Here lies my only real criticism of the LEBOWSKe implementation of electric assist. The 11-speed rear mechanism is extremely broad, but Felt and Bosch have implemented a minimum speed below which the electric assistance doesn’t kick in – so where my unpowered friends could go right down to the bottom cog and spin up the steep bits, nicely balanced and smoothly powered by their own muscles, I was unable to do the same. It was either get off and push very slowly, or engage Turbo mode and hit the hill at about 15km/h, hoping that any bumps or berms would be spottable well in advance.
“That’s what electric assist is all about – pushing the boundaries; going further and faster than your own two legs ever could.”
This kind of approach is fine for well-defined tractor trails, but go deeper into the woods and you may find yourself moving a tad too fast for more technical challenges. Many other implementations of this kind of electric assist don’t suffer this issue; perhaps I was pushing the envelope of this particular design a tad too far. But then, that’s what electric assist is all about – pushing the boundaries; going further and faster than your own two legs ever could.
When I baulked at the price tag for the LEBOWSKe 10 (which is currently a cool £3,800) and observed its curious blend of fashion-conscious looks and go-anywhere utility, La Fainera’s boss, Kevin Weiner (that’s him in the winter picture below, at the head of the Engadiner Marathon) explained that he was similarly surprised by the bike once he realised what it let him do in snow. “I realised this was a bike I could ride all year round.”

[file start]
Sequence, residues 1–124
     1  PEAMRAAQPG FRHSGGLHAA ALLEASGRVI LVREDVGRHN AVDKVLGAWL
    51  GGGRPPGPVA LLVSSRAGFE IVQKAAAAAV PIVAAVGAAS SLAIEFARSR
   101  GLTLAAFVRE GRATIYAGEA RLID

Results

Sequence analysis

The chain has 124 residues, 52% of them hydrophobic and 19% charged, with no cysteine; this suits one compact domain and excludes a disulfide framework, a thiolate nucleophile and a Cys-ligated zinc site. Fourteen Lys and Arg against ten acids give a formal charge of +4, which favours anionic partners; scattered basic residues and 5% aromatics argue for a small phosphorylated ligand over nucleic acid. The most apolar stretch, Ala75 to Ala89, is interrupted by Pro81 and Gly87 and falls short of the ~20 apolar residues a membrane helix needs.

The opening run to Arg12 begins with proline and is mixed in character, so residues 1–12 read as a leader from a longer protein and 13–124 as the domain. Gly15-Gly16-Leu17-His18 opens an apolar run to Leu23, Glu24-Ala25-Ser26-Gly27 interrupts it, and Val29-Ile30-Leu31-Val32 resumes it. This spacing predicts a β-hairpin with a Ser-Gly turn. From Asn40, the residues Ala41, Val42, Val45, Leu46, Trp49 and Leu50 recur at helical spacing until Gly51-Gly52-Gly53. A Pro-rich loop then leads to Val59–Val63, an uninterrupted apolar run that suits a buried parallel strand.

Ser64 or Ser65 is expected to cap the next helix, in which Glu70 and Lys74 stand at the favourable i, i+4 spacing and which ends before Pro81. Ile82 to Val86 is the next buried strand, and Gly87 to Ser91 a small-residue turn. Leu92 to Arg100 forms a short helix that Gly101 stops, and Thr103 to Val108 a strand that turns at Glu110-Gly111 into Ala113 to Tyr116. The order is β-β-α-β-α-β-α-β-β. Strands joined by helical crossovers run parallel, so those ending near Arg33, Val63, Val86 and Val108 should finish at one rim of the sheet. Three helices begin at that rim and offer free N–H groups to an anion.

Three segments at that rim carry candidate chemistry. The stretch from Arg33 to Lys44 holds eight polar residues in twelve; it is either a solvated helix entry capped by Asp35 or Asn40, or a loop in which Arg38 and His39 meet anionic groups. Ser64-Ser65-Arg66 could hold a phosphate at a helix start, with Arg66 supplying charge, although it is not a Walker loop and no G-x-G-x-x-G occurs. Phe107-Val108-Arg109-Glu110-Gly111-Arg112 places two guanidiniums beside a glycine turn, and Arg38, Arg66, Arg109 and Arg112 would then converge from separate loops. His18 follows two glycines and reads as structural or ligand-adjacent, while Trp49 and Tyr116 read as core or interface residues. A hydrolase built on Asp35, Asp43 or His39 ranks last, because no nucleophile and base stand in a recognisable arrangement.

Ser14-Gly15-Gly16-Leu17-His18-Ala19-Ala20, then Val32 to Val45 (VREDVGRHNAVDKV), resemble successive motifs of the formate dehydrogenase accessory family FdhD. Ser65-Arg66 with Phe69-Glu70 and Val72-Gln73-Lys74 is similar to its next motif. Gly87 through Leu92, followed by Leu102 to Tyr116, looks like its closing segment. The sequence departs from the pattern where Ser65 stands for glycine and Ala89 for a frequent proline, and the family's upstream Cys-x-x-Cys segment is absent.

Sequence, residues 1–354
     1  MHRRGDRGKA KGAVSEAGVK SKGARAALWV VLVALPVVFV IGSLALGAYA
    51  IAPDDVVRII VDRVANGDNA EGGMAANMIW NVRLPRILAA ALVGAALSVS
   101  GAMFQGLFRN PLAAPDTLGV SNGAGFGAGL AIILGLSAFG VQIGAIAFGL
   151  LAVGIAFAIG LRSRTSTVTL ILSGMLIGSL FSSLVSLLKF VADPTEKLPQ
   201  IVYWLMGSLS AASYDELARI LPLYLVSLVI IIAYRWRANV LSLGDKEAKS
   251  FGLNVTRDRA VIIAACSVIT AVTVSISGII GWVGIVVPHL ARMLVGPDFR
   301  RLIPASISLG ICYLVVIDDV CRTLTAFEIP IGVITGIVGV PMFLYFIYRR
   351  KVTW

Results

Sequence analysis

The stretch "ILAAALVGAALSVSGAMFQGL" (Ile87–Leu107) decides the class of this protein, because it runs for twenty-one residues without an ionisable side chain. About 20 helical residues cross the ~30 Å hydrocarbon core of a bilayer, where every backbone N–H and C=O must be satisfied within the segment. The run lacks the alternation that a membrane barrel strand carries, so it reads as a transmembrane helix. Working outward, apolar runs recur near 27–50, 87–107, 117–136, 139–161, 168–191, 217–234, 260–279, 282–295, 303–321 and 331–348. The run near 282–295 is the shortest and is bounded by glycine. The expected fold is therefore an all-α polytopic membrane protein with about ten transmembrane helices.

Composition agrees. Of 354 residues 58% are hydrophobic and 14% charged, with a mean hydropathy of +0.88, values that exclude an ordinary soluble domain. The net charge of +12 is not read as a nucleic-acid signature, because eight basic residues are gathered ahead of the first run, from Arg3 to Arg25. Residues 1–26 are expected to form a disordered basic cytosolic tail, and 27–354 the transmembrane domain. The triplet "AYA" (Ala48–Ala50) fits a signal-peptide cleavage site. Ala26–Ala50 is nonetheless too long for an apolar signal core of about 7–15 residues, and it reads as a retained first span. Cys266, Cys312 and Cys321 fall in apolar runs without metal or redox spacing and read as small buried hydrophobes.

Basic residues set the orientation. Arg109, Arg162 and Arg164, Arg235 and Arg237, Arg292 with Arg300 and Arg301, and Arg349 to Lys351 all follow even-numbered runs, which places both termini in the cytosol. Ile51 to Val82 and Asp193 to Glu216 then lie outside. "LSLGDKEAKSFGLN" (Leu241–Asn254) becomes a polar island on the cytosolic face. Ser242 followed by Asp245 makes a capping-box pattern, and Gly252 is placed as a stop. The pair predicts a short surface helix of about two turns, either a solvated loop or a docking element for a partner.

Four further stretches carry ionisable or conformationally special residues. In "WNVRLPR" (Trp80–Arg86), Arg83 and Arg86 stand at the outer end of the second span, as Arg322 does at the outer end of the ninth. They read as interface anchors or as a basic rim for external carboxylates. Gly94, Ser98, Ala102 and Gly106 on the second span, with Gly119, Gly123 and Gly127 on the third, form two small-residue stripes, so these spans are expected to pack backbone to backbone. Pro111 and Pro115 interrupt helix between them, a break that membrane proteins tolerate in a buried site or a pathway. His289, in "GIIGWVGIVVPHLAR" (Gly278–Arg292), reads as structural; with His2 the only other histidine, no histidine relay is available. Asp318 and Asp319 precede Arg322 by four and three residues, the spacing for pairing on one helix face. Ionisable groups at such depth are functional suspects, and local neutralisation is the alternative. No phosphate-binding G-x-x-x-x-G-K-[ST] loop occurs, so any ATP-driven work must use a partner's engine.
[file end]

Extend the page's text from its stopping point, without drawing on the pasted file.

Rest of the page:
Image credit: Mark Raab (https://vimeo.com/mkrsports)
Of course, for Kevin the snow-neutralising combination of fat tyres and electric assist is invaluable: he can run his outdoor events mounted on the bike all day, zipping from checkpoint to checkpoint. For my part I wasn’t entirely convinced – until, that is, I discovered that my first couple of days of e-biking had been on tyres filled with a mere 5psi.
A quick blast up to a more sensible 15psi and the LEBOWSKe was transformed into a far more responsive creature: I found myself pondering the contents of my piggy bank; dreaming about riding another two days deep into the mountain passes, right up to the cable-car pylon bases nestled in the surrounding peaks. Something this middle-aged cyclist had never even thought of as a possibility, before this e-fatbike came along.